Germany has warned the new Greek government that it must live up to its commitments to its creditors.
German government spokesman Steffan Seibert said it was important for Greece to “take measures so that the economic recovery continues”.
His comments were echoed by the head of the eurozone finance ministers’ group.
Syriza party, which won Sunday’s poll, wants to scrap austerity measures demanded by international lenders, and renegotiate debt payments.
However Jeroen Dijsselbloem, president of the Eurogroup, said on Monday: “There is very little support for a write-off in Europe.”
Speaking after a meeting of eurozone finance ministers in Brussels, he said members should “abide by the rules and commitments”.
Meanwhile the German government said that Greece’s new leadership should take measures to ensure the economic recovery continues.
“A part of that is Greece holding to its prior commitments and that the new government be tied in to the reform’s achievements,” government spokesman Steffan Seibert said
Robert Peston, BBC economics editor adds:
If Syriza were to win its negotiations with the rest of the eurozone, other anti-austerity parties would look more credible to voters. The victory of protectionist Marine le Pen in France’s presidential election would be an interesting test of markets’ sangfroid.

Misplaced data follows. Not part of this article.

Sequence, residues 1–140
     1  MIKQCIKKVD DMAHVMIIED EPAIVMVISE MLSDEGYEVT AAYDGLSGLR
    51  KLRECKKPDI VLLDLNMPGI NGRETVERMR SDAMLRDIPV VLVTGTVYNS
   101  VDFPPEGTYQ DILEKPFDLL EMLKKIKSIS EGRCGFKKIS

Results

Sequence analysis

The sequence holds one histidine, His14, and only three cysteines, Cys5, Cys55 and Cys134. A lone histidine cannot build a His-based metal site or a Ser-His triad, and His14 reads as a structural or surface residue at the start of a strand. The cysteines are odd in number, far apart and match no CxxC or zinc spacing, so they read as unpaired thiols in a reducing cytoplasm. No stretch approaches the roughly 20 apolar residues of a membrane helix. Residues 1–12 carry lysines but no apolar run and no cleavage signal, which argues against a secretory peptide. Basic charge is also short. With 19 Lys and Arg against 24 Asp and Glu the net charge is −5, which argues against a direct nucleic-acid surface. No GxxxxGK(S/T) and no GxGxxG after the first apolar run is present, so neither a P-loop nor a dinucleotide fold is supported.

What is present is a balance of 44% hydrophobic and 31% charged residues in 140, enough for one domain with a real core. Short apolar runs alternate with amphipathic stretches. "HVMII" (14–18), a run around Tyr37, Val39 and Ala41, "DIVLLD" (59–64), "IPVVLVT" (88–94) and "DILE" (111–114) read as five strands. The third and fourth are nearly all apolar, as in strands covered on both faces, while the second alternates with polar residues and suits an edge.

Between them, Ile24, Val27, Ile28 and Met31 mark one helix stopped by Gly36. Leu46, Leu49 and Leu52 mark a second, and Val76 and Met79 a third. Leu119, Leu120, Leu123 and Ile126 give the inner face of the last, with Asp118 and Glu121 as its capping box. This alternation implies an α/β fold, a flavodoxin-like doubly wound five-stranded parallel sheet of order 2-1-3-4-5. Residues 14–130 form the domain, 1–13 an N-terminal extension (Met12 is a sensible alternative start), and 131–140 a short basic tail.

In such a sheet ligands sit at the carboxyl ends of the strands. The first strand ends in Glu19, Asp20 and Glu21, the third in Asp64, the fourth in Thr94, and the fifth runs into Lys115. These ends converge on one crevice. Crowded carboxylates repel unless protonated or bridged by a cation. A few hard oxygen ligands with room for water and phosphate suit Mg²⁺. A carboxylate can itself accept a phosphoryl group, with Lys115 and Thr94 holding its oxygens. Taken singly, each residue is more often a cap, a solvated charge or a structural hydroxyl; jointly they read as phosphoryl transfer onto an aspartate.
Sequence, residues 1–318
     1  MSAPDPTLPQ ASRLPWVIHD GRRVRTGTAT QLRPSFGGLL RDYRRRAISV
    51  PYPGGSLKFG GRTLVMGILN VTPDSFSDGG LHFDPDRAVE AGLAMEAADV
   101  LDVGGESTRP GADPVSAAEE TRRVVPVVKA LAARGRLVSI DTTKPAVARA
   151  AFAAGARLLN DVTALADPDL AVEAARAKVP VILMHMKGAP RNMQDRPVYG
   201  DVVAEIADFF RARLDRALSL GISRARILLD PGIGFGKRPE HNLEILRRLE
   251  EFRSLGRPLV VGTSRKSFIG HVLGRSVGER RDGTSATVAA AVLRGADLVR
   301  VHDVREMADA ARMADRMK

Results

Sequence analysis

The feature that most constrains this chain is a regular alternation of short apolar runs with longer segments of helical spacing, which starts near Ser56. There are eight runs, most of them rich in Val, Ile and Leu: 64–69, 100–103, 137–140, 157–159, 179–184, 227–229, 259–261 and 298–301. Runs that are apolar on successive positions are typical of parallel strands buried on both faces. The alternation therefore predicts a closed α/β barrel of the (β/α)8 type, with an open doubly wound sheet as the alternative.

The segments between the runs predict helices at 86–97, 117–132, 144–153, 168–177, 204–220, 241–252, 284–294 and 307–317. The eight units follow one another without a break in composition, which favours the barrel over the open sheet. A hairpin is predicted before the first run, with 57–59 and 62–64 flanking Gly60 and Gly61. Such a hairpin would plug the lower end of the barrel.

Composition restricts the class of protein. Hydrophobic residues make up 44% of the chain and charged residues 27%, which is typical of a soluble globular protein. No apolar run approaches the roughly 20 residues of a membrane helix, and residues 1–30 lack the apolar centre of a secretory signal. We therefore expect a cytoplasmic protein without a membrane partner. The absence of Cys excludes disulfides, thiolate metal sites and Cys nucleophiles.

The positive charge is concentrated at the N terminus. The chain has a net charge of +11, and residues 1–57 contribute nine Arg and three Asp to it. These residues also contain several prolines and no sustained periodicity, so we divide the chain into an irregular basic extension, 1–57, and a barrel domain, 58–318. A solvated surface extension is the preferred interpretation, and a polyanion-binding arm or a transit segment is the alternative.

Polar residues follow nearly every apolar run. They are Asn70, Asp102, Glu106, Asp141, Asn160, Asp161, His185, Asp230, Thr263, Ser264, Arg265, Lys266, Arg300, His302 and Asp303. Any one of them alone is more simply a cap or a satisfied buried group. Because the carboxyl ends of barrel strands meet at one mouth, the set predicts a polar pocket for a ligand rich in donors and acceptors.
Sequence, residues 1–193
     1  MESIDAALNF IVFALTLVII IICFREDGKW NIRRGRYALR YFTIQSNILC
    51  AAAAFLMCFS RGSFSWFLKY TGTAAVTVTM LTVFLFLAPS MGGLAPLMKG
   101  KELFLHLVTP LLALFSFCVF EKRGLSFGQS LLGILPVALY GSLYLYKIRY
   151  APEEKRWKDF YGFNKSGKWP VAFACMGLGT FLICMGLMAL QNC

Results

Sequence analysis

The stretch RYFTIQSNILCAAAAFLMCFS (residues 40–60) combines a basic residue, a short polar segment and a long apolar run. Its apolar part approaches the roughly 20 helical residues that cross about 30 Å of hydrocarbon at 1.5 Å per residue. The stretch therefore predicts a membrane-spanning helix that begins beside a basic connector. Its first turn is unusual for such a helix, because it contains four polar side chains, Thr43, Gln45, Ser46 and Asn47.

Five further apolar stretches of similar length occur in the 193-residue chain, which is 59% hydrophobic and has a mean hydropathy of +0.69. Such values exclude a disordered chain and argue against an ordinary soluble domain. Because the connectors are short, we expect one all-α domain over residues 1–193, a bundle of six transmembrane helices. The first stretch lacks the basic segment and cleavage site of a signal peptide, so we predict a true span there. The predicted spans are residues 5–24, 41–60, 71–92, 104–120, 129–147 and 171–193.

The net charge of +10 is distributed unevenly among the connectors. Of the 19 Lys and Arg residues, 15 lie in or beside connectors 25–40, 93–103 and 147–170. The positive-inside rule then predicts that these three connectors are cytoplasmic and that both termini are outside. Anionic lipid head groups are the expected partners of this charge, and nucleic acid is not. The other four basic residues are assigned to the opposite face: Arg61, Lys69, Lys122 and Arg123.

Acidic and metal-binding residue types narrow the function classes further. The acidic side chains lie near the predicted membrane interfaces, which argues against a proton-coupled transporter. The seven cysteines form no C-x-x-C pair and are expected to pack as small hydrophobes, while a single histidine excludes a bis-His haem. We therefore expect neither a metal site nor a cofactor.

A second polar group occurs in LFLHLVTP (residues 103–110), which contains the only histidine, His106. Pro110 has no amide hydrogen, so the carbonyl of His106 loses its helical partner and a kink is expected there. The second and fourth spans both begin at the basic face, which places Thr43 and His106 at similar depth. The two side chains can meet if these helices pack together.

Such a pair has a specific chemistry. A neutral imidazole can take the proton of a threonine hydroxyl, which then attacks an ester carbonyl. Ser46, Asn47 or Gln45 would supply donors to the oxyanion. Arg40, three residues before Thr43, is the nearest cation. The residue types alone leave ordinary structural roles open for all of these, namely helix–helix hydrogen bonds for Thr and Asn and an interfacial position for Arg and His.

And if Syriza were to lose in talks with Brussels and Berlin, and the final rupture of Greece from the euro were to take place, investors might well pull their savings from any eurozone country where nationalists are in the ascendant.
So why are investors not in a state of frenzied panic? Why have the euro and stock markets bounced a bit? One slightly implausible explanation is that investors believe the eurozone would actually be stronger without Greece, so long as no other big country followed it out the door.
More likely is that they believe reason will prevail, and Berlin will sanction a write-off of Greece’s excessive debts.